From the second song on, the band at Calvary San Diego -- drums and guitars and pop synthesizers -- had the congregation's pulse. (They had the congregation's look as well: a mix of young and old, white, Asian, and Latino.) "You rule/ You reign/ You said you're coming back again!" boomed into the huge, green-tinged church over rhythmic clapping of many hands. "Who forgot to set their clocks back?" asked Brother Anthony during the announcements. "You should have seen the faces of the people that showed up early this morning. They thought they'd missed the rapture or something. 'I got left behind!'" The joke drew plenty of laughter, which quieted as Anthony made his presentation on behalf of Proposition 83. The proposition, he said, is known as Jessica's Law because of Jessica Lunsford, a nine-year-old who was allegedly raped and murdered by a convicted sex offender. "We have an opportunity this election to strengthen the laws.... I think we should take this opportunity to vote.... We're doing good.... Let's stand up for righteousness! Amen?" "Amen!" shouted the congregation. Pastor Bryan Newberry took the podium and added, "Whichever way you vote this election, do vote. The Bible says, 'Give honor to whom honor is due.' It's within your power."
The rapture joke played well because Newberry was in the midst of unpacking Matthew 24, a chapter full of end-times talk. He reeled off a long list of signs, not least among them the reforming of Israel as a nation in 1948. Matthew 24:32: "Now from the fig tree learn this parable. When its branch has now become tender and puts forth its leaves, you know that the summer is near."
"Through the Bible, Israel is called the fig tree. Jesus is indirectly saying, 'When Israel begins to bloom again.' If you look at the signs of the times, you know the season of the rapture of the church is coming."
Drawing from all over Scripture -- Prophets, Gospels, Letters, Revelation -- Newberry laid out end-times history, from the rapture through the tribulation to the second coming of Christ at Armageddon, when the armies of the world unite against Christ and he "slays them all with his wrath. The Bible says that blood will rise to the bridle of a horse in that valley at that time." There follows Christ's earthly 1000-year reign over the righteous, with Satan's final rebellion and defeat coming just before the last judgment, after which everything is melted away and "God makes a new heaven and a new earth."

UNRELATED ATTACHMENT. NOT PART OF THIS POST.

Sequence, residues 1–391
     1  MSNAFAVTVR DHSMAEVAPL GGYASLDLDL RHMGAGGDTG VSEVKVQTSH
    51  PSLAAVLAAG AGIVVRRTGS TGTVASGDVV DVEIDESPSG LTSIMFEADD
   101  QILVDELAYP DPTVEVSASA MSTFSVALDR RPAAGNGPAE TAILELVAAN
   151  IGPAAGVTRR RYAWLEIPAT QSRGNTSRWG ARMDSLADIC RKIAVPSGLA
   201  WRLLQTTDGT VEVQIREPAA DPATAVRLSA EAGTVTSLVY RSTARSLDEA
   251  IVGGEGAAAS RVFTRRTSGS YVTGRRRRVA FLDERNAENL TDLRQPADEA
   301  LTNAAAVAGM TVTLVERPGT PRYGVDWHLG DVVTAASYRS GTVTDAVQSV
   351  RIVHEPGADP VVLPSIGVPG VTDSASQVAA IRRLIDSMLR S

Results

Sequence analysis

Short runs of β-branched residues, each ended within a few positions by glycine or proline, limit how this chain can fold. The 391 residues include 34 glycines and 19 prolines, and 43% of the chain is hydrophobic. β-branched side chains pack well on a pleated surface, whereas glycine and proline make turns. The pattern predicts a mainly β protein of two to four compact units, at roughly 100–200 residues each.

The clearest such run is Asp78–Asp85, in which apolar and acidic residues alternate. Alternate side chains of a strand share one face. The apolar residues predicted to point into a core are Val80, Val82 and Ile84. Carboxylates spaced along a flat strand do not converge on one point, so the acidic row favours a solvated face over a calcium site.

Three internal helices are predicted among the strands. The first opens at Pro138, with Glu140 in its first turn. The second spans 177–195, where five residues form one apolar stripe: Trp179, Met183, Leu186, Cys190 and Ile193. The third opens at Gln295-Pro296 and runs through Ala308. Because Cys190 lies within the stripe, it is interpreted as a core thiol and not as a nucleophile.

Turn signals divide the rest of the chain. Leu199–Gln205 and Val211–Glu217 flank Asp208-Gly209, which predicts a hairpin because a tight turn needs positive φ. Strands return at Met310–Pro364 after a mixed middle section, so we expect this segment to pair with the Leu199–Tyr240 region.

During the tribulation, those caught up to heaven in the rapture share in the seven-year marriage feast of the Lamb. "It's a comforting thing to know that at any moment, as a believer, we can be snatched out of here and get our brand-new bodies and be with the Lord." He cited 1 Corinthians 15:52: "We shall all be changed. For this corruptible must put on incorruption."
On the one hand, the post-rapture details were something of an academic discussion: "I'll be up eating with the Lord in heaven," said Newberry, "so it's not going to matter to me one way or the other." On the other hand, these things were worth thinking about because "an accurate understanding of the future is important to how we react now." The rapture aside, there was the matter of the last judgment. Newberry warned against becoming like the "evil servant" in Matthew 24, who got tired of waiting for his master and started carousing, only to be caught unawares. "Why did he go bad? Because the tension of the Lord's return was not a reality in his heart. He said in his heart, 'I've got time to get right with God later.'"
Newberry joined Christ in exhorting the faithful to "always pray and not lose heart.... Love people, bless people, serve people.... I think the greatest good work we can encourage one another toward is prayer.... Every time the Lord talks about the end times, He talks about prayer."
Here, Newberry challenged the congregation: "Try to pray for an hour on Sunday night. You'll find very quickly: 'I can do a lot of things, but I can't pray.' It's because prayer is a whole separate Christian discipline. It's a whole other level of maturity to spend time...letting God speak to you and you speaking to him. You'll be discouraged by how your flesh won't let you pray. But you've got to. He says, 'Turn from your wicked ways... seek my face.' Turn from that which is hindering you from pressing into the very presence of God.... We are in the last days.... The Lord says, 'Watch and pray.'"
What happens when we die?
"The Bible says that Jesus Christ is the one way, the truth, and the life," says Newberry. "Those who receive him go to heaven to be with him. Those who don't receive him will go to hell. It's pretty simple."
1771 East Palomar Street, Chula Vista
Founded locally: 1985
Senior pastor: Bryan Newberry
Congregation size: "we don't count"; Newberry estimates 2000--3000
Staff size: close to 150, counting school staff
Sunday school enrollment: no exact count; "hundreds"
Annual budget: n/a
Weekly giving: n/a
Singles program: no
Dress: from jacket and tie to T-shirt and shorts
Diversity: mix of Caucasian, Hispanic, Asian American, and African American
Sunday worship: 8:00 a.m., 9:15 a.m., 11:15 a.m. (bilingual), 6:00 p.m. (Bible study and prayer service)
Length of reviewed service: 1 hour, 30 minutes